As the court below implicitly ruled, the 2003 amendment was not intended to preclude the parties to a lease or stipulation from agreeing to a rent preference that would endure beyond the term of the lease into renewal periods (see 448 W. 54th St. Corp. v. Doig-Marx, 5 Misc.3d 405, 784 N.Y.S.2d 292 [2004];  see also Matter of Century Operating Corp. v. Popolizio, 60 N.Y.2d 483, 470 N.Y.S.2d 346, 458 N.E.2d 805, supra;  Matter of Missionary Sisters of the Sacred Heart, Ill. v. New York State Div. of Hous. & Community Renewal, 283 A.D.2d 284, 724 N.Y.S.2d 742, supra ).   Since plaintiff and defendant's predecessor here agreed upon a preferential rent that would last for the life of the tenancy, plaintiff was entitled to have this term of his lease carried over into all the renewal leases (RSC § 2522.5[g];  see Matter of Century Operating Corp. v. Popolizio, 60 N.Y.2d at 488, 470 N.Y.S.2d 346, 458 N.E.2d 805).   Contrary to defendant's contention, the fact that the renewal leases did not include the preferential rent cannot be deemed a waiver of plaintiff's right thereto (Matter of Century Operating Corp. v. Popolizio, 90 A.D.2d 731, 732, 455 N.Y.S.2d 789 [1982], revd. on other grounds 60 N.Y.2d 483, 470 N.Y.S.2d 346, 458 N.E.2d 805 [1983] ).   Plaintiff therefore has a cause of action sounding in contract for the refund of the rents that he paid in excess of the agreed-upon preferential rent.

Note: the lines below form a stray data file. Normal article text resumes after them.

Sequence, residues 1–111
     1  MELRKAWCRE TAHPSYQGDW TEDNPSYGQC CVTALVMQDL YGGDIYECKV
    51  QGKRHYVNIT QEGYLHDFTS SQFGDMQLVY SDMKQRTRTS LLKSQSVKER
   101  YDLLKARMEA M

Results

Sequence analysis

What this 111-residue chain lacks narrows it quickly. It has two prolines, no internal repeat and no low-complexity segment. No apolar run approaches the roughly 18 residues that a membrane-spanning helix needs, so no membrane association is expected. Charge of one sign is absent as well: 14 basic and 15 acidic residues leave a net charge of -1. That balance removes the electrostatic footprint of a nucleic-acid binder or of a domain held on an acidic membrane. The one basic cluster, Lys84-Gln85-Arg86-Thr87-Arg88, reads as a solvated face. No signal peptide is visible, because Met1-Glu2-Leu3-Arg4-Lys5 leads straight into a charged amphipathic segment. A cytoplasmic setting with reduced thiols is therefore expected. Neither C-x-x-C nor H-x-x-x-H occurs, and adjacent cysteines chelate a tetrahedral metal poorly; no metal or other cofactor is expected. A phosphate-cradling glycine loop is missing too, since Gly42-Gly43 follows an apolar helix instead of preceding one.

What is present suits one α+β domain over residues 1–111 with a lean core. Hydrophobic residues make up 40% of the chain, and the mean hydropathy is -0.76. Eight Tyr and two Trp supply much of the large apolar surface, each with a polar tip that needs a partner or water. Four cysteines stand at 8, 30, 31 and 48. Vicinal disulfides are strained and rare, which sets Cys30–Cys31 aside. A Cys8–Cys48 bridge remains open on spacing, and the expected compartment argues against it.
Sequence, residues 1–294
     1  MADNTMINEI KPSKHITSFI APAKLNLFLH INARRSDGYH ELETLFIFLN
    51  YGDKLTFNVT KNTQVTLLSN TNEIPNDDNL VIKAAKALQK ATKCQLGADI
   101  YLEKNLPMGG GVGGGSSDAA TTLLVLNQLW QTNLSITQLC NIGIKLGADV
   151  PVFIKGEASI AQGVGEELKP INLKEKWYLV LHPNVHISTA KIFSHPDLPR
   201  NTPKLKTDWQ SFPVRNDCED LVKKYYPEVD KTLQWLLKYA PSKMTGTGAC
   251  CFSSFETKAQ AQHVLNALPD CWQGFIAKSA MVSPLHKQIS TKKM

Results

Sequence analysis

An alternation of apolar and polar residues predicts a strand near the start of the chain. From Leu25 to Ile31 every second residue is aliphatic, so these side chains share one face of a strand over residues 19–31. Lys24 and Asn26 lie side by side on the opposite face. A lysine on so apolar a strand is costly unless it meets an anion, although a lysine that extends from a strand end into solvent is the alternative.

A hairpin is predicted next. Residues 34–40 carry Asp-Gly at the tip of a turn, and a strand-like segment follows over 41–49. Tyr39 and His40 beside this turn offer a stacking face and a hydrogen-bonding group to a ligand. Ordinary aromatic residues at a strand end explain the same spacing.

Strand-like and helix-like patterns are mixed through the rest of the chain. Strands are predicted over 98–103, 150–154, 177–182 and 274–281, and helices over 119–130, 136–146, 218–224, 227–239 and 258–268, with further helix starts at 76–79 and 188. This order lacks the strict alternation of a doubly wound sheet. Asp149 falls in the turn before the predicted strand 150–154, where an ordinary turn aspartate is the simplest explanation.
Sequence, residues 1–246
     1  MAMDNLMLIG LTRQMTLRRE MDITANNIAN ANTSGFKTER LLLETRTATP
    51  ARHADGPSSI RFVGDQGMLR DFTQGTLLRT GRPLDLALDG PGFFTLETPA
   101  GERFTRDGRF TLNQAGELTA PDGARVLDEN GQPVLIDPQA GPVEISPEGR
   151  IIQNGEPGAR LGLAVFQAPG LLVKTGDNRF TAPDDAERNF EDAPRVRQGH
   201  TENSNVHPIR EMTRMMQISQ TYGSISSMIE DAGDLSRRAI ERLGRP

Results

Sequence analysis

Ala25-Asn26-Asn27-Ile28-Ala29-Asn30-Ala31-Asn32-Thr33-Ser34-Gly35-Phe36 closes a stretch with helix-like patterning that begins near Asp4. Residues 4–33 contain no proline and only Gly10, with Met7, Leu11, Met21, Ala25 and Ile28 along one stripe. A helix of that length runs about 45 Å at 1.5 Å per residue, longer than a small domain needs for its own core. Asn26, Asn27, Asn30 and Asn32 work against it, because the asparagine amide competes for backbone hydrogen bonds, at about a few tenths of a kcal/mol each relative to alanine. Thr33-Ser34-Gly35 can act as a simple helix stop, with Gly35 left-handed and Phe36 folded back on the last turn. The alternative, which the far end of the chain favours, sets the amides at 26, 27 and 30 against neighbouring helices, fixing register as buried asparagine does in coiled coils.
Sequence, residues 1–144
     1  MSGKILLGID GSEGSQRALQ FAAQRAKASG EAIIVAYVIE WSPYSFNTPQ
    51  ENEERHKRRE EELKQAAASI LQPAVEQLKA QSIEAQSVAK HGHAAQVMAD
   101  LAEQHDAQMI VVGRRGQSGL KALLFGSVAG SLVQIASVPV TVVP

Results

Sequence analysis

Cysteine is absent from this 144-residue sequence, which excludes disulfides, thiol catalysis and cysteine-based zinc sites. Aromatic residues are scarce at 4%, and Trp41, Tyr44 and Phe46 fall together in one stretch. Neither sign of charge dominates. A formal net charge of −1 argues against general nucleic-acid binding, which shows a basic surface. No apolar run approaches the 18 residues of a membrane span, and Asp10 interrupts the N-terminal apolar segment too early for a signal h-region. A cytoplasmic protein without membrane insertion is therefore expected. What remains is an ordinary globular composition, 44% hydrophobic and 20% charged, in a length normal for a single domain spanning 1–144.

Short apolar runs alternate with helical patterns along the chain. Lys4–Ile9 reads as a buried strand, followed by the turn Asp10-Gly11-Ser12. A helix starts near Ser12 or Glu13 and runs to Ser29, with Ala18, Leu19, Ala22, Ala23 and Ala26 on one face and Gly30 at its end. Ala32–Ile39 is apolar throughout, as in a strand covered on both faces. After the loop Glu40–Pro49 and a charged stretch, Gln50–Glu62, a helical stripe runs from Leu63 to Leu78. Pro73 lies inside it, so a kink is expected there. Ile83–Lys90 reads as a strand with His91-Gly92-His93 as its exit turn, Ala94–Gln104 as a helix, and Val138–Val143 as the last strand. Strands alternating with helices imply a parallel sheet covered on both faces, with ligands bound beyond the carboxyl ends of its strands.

However, plaintiff does not have a cause of action for breach of the rent overcharge statutes.   Since the Legislature rejected the Collingwood rule and made preferential rents revocable, the preferential rent does not become the legal regulated or authorized rent, and a collection of rent in excess of the preferential rent constitutes only a breach of the agreement of the parties and not an offense against the rent-overcharge statutes.   Because the statutory amendment is applicable to pending proceedings (DHCR Fact Sheet No. 40), it cannot be found that defendant violated the statutory overcharge prescriptions.   Accordingly, we reinstate the first affirmative defense insofar as it alleges a defense to the statutory cause of action.

 Since plaintiff is left with his remedy in contract, the loss of the statutory cause of action works no unconstitutional interference with plaintiff's vested rights and no impairment of the obligation of his contract (see generally New Orleans City & Lake R.R. Co. v. Louisiana, 157 U.S. 219, 224, 15 S.Ct. 581, 39 L.Ed. 679 [1895];  16A CJS, Constitutional Law § 365).   It is well settled that a cause of action created by statute may be terminated by repeal even though rights may have accrued under the statute (Battaglia v. General Motors Corp., 169 F.2d 254 [2nd Cir.1948];  Volpe v. Fireman's Fund Ins. Co., 54 Misc.2d 212, 282 N.Y.S.2d 69 [Sup. Ct., Nassau County 1967];  16A CJS, Constitutional Law § 260). Similarly, with respect to plaintiff's loss of a claim for statutory penalties, there is no vested right in such penalties until a judgment therefor has been granted (Davidson v. Witthaus, 106 App.Div. 182, 94 N.Y.S. 428 [1905];  22 Carmody-Wait 2d § 135:8;  16A CJS, Constitutional Law § 261).